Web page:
Cause of oil disaster probed as giant box hits seabed
CTV.ca News Staff
Published Friday, May 7, 2010 8:50PM EDT
As underwater robots secured a massive dome over the main oil leak at the bottom of the Gulf of Mexico, investigators said that a methane gas bubble, followed by a series of safety failures, trigged the ecological disaster.
By Friday night, crews had lowered the 100-ton concrete and steel contraption onto the blown-out well.
Workers were then expected to take 12 hours to let the box settle and ensure its stability before robots could be used to attach a giant funnel. The funnel, it is hoped, will then guide the oil to the surface.
"It appears to be going exactly as we hoped," BP spokesman Bill Salvin told The Associated Press on Friday afternoon, shortly after the four-storey device hit the seafloor.
"Still lots of challenges ahead, but this is very good progress."
"We are essentially taking a four-story building and lowering it 5,000 feet and setting it on the head of a pin."
The robots are equipped with lights to cut through the darkness on the seafloor; the cameras have been kept out of the oil's path. Not much sea life is visible.
A crane began lowering the containment box on Thursday night, while undersea robots placed buoys around the main oil leak to act as markers to help line up the box.
The operation had to be delayed a few hours Thursday, because dangerous fumes were rising from the oily water on a windless night. The fear has been that a spark caused by scraping metal could ignite a fire.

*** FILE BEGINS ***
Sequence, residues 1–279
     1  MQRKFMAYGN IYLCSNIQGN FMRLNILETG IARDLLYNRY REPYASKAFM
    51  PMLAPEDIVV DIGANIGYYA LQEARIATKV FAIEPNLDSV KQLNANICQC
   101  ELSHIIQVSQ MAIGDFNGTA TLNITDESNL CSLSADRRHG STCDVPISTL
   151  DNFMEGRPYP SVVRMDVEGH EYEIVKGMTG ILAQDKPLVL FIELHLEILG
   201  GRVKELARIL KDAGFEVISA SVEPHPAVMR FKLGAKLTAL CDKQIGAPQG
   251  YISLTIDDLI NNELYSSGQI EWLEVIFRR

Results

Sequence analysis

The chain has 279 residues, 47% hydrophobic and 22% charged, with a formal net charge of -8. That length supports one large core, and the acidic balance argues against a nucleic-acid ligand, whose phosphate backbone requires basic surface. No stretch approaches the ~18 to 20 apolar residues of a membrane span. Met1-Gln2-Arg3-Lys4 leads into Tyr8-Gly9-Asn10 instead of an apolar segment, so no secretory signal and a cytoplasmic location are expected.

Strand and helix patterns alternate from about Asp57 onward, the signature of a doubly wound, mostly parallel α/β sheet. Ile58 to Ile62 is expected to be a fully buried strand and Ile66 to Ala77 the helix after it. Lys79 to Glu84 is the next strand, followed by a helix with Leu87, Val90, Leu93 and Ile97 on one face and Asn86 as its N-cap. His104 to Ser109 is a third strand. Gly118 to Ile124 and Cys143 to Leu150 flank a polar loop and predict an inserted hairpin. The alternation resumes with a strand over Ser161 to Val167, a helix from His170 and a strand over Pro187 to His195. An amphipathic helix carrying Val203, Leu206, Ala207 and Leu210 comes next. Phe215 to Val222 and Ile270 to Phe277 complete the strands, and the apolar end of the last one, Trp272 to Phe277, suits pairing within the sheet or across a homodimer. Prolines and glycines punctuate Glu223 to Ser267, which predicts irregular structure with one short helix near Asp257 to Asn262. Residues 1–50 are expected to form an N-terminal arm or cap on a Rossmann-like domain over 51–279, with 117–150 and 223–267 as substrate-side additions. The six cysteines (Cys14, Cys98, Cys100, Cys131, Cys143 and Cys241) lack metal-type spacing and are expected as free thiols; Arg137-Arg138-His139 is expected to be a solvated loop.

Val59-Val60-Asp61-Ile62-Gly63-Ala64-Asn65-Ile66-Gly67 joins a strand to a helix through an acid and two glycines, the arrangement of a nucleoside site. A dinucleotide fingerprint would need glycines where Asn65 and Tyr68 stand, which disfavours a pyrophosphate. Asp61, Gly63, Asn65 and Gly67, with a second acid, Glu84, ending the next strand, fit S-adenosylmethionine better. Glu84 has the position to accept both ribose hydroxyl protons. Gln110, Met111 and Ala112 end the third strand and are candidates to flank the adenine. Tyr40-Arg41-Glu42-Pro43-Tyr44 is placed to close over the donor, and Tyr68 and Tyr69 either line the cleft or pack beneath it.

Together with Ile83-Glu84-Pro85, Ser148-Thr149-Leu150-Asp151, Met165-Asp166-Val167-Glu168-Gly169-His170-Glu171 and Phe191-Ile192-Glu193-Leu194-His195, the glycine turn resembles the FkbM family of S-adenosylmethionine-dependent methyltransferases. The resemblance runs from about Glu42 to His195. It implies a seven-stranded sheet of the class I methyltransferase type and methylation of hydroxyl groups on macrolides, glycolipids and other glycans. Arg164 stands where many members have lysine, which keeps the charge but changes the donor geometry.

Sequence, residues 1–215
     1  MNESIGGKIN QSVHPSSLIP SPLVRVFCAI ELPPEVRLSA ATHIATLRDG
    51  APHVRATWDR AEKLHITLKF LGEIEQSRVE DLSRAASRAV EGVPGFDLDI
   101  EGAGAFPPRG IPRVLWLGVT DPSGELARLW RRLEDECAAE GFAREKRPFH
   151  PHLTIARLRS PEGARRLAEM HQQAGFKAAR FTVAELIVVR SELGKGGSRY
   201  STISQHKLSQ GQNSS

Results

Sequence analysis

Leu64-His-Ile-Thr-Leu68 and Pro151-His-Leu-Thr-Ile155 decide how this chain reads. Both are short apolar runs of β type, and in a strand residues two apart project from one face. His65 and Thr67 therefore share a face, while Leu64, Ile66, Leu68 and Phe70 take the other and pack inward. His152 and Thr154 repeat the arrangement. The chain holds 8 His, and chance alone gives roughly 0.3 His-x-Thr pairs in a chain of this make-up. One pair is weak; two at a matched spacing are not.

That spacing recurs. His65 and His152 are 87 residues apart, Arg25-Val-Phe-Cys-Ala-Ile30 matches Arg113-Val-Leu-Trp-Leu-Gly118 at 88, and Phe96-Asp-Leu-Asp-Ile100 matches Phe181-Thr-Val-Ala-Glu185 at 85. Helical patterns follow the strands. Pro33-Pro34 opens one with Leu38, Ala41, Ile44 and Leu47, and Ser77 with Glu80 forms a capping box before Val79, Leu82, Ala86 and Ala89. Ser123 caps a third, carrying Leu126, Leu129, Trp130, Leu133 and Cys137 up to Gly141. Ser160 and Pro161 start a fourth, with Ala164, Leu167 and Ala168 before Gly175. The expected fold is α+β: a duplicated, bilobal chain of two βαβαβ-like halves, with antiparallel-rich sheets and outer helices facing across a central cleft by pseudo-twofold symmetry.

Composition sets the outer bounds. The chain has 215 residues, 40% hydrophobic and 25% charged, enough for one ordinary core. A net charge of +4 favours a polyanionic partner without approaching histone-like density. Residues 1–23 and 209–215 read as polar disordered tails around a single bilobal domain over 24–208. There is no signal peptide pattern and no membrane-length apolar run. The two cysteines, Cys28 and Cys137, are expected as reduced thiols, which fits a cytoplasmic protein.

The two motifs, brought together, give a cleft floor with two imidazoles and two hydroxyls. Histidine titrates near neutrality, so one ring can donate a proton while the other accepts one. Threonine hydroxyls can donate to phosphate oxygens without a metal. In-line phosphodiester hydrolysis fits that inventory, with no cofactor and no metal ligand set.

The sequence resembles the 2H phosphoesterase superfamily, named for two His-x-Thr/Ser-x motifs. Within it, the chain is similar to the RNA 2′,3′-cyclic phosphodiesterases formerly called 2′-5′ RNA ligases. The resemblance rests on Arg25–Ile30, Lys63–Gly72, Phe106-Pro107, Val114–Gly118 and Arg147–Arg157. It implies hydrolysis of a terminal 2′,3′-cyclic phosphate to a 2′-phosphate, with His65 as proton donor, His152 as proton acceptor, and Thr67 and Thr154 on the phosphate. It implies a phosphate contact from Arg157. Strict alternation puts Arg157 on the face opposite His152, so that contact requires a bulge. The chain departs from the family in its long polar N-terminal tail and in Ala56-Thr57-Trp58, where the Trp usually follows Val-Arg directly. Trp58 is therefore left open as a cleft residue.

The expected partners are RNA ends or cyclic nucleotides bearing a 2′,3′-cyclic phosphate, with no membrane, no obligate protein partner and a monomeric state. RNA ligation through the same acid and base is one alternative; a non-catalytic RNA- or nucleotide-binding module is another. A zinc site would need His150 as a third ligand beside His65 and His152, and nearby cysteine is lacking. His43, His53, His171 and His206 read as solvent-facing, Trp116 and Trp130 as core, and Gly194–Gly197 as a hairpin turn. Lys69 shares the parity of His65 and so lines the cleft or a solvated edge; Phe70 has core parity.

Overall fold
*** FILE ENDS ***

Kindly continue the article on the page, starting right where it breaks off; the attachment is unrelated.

A steel pipe will be installed between the top of the box and tanker. The device will then begin to collect as much as 85 per cent of the oil and funnel it up to a tanker waiting on the surface.
If all goes well, the whole structure could be operating by Sunday. But since nothing like this has ever been attempted before, it could take days before it's learned whether the plan has been successful.
"We haven't done this before," said oil company BP spokesman David Nicholas. "It's very complex and we can't guarantee it."
At depths of 1,500 metres, the water pressure is so intense, it's enough to crush a submarine. The fear is that if the dome is not positioned over the well accurately, or it could damage the leaking pipe and perhaps make the problem even worse.
Other risks include ice clogs in the pipes -- a problem that crews will try to prevent by continuously pumping in warm water and methanol. There is also the danger of explosion when separating the mix of oil, gas and water that is brought to the surface.
"I'm worried about every part, as you can imagine," said David Clarkson, BP vice president of engineering projects.
The blown-out Deepwater Horizon oil rig has been spewing an estimated 200,000 gallons a day since it exploded April 20. That oil has now reached the Chandeleurs barrier islands off the Louisiana coast, many of them with fragile animal habitats.
There are reports that several birds were spotted diving into the oily, rust-coloured water, and dead jellyfish washed up on the uninhabited islands.
The oil slicks stretch for kilometres off the Louisiana coast, where workers are trying to skim, corral and set the oil afire, while people watch from the shore.
With files from The Associated Press